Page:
Headline July 16, 2019/ '' 'PHILOSOPHY -THY- PROFESSOR' ''


EVER SINCE DESCARTES INSISTED upon the separation of mind and body, philosophers { especially feminist philosophers} have tried to impress upon us the necessity of attending to the body.

Descartes thought the mind was the divine and indubitable aspect of his own being, that single point of certainty on which to rebuild his crumbling world : ''I think therefore I am.''

In January 2018, while I was chaperoning my daughter's school ice-skating trip, a sturdy third-grade boy lost control and came sliding into me from behind on his knees.

He was just the right-size projectile to undercut my skates and send me flying backward on the ice, where I landed on my head. Thus began my ignoble descent into becoming a philosopher on brain rest.

When I got up I was not my usual self. Feeling disoriented and unable to remember my own address or the date, I was taken to the emergency room, where I was examined and told I had whiplash and concussion.

I found the medical terminology for my condition, ''mild traumatic brain injury,'' confusing and humorous. It was confusing because I'm not sure how anything can be both mild and traumatic at once. It was humorous for the same reason.

The elegant doctor who saw me assured me that i would stop weeping for no apparent reason very soon, and that all I had to do to hasten my recovery was commit to ''brain rest'' - essentially no reading, writing, screens or strenuous thinking until I could sustain focus without a headache or other symptoms of injury.

The predicted time for recovery was three months. It was at this point that she nonchalantly asked me what I do for a living.

''I am a philosopher,'' I replied. And I am pretty sure that we both though that was hilarious.

Being a philosopher on brain rest is like being a point guard on hand rest. The major asset for your profession is suddenly not working reliably. I have often lamented the fact that my job as a philosophy professor confines me so much to chair and a desk.

I've wished philosophy entailed more calisthenics, rugged walking, running outdoors. With my concussion, I found myself suddenly freed from the professional obligation to think. I even had a doctor's note.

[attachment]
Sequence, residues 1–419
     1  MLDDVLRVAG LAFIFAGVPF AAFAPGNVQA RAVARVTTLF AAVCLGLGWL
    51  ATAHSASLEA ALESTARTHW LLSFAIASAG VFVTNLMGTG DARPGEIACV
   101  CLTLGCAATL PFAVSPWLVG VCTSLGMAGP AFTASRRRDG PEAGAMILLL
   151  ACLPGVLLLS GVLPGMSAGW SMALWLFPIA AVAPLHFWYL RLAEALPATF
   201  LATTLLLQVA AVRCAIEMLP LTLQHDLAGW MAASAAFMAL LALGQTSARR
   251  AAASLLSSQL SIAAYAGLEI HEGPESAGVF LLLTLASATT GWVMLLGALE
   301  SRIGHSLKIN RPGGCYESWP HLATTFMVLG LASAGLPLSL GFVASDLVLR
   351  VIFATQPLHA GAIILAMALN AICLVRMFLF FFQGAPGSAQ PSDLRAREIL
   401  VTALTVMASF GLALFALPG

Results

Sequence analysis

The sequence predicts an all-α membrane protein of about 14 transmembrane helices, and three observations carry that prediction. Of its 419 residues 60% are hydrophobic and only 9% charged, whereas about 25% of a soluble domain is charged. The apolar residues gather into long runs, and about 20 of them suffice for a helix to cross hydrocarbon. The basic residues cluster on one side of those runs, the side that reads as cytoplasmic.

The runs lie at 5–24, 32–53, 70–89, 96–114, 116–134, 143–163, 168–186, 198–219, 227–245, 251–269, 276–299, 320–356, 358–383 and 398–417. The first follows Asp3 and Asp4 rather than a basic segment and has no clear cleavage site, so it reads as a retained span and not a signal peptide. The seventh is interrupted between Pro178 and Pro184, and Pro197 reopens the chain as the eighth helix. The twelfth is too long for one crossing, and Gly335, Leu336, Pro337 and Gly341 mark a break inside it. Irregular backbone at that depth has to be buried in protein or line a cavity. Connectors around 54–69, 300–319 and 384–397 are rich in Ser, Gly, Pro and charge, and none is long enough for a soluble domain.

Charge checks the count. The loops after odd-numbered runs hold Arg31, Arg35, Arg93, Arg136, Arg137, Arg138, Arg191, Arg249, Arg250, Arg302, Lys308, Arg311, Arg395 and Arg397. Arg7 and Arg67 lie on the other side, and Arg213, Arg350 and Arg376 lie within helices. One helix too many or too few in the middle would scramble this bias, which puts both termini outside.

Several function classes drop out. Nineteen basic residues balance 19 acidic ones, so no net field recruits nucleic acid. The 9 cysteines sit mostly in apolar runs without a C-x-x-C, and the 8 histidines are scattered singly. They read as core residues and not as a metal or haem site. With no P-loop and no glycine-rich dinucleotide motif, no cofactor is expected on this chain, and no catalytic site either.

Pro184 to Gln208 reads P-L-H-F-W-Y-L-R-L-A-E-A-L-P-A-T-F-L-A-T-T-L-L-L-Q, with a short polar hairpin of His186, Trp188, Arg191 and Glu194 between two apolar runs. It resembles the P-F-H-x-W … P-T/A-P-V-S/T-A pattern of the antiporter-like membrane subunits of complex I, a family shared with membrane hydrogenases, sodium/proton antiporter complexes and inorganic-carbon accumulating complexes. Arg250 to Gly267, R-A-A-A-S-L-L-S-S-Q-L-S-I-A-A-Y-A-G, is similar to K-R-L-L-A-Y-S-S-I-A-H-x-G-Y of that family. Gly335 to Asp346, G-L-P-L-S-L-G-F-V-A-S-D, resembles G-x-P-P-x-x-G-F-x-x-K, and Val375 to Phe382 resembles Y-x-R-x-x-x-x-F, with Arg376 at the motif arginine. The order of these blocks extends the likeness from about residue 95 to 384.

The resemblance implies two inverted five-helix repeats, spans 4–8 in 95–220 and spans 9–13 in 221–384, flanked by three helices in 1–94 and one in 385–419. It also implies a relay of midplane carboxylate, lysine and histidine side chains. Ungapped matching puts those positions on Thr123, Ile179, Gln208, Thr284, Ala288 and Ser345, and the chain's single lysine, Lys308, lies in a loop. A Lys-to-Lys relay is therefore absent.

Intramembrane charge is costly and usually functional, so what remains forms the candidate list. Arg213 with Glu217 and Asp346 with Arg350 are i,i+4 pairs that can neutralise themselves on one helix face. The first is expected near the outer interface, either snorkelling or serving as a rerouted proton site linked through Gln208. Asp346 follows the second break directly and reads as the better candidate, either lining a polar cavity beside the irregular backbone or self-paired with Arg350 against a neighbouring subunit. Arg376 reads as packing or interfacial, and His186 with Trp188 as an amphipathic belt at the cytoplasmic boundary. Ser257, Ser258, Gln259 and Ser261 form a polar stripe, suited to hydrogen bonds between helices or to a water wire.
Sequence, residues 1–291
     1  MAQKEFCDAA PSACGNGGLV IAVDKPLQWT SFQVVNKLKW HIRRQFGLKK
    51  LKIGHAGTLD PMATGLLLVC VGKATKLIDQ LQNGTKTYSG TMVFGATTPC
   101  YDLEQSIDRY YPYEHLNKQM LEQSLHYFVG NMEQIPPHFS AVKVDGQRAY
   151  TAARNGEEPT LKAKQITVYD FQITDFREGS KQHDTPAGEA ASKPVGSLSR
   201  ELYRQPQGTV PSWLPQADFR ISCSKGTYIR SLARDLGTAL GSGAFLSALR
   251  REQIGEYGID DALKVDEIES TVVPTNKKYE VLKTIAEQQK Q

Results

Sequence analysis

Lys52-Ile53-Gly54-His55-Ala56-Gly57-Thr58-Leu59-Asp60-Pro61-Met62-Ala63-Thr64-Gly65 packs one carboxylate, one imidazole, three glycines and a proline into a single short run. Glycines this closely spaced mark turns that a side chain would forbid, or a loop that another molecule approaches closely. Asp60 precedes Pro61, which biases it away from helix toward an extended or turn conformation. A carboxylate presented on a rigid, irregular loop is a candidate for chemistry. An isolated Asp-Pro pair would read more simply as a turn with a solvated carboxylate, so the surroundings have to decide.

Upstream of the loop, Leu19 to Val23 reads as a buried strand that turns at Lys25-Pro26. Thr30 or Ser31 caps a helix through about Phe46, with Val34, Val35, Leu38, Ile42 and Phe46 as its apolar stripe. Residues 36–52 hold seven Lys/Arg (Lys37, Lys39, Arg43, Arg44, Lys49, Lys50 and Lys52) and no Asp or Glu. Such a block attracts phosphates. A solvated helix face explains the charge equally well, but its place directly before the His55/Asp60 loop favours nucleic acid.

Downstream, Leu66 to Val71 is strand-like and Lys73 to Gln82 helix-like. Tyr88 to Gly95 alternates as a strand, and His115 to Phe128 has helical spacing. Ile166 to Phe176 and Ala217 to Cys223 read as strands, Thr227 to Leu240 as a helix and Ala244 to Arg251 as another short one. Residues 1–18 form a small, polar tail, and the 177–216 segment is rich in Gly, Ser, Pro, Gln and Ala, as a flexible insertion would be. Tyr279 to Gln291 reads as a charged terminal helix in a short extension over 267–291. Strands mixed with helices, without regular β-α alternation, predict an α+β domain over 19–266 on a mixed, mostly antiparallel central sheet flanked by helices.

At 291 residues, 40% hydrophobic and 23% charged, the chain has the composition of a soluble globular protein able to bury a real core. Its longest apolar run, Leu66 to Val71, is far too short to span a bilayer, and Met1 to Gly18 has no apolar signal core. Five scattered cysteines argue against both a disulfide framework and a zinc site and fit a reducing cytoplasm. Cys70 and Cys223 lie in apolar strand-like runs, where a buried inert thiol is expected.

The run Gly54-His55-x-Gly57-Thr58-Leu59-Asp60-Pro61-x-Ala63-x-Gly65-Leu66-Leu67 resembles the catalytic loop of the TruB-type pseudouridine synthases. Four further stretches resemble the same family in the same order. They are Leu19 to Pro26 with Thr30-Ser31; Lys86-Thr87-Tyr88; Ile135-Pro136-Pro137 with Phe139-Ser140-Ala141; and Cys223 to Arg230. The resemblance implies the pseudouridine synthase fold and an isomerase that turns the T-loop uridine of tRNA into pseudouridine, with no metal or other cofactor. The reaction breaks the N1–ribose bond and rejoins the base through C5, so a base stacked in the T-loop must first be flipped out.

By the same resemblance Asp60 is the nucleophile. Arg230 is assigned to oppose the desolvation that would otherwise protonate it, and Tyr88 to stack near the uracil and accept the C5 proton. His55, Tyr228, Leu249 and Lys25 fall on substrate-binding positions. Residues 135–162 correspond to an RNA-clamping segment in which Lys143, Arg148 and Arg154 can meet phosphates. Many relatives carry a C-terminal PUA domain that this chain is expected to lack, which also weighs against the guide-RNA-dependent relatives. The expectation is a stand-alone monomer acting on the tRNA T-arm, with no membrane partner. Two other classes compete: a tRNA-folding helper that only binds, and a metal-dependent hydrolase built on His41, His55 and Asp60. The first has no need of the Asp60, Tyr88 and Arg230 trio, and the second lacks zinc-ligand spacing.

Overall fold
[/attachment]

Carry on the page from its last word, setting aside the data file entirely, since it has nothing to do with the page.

Sadly, I was in no condition to run, and absent a clear head, walks and daily movement was more difficult and less enjoyable than before. Brain rest itself was elusive, as I seemed incapable of arresting thought. There was no protective cone to keep the wounded place from being itched, no cast to keep the brain still.

Perhaps predictably then, brain rest inspired more thinking about the very nature of thinking.

One of the most disconcerting aspects of the immediate days and weeks following my concussion was the degree to which I found my self missing. I felt bad in so many ways, but the profound gap in my identity had to do with my lack of basic recall and the challenge of carrying out previously simple mental steps.

I was moving about with no apparent difficulty, but my head felt like an anvil and my mind felt like a slosh. It made me question anew the degree to which I am my brain.

Descartes theory of mind recalls Plato's theory of the soul as the immortal, essential and indestructible part of the human being, the body a temporary prison or Shell. Mind body dualism is often ridiculed in contemporary philosophy as a legacy of stubbornly metaphysical, patriarchal and Western thinking.

Dualism oversimplifies both mind and body and leads to a devaluation of the complexly embodied, psychosomatic ways in which beings inhabit the world. No serious philosopher or neuroscientist today thinks that mind and body can be neatly parsed into two distinctly separate objects and systems.

But a concussion has a way of changing one's sense of the balance between mind and body.

The Honor and Serving of the latest Global Operational Research on super writings, continues. The World Students Society thanks author, Megan Craig, associate professor philosophy and art, State University, New York.

With respectful dedication to the great art and science of Philosophy, Students, Professors and Teachers. See Ya all on Facebook, prepare and register for Great Global Elections on The World Students Society : wssciw.blogspot. com and Twitter-!E-WOW! - the Ecosystem 2011:

''' !WOW! & THEE '''

Good Night and God Bless

SAM Daily Times - the Voice of the Voiceless


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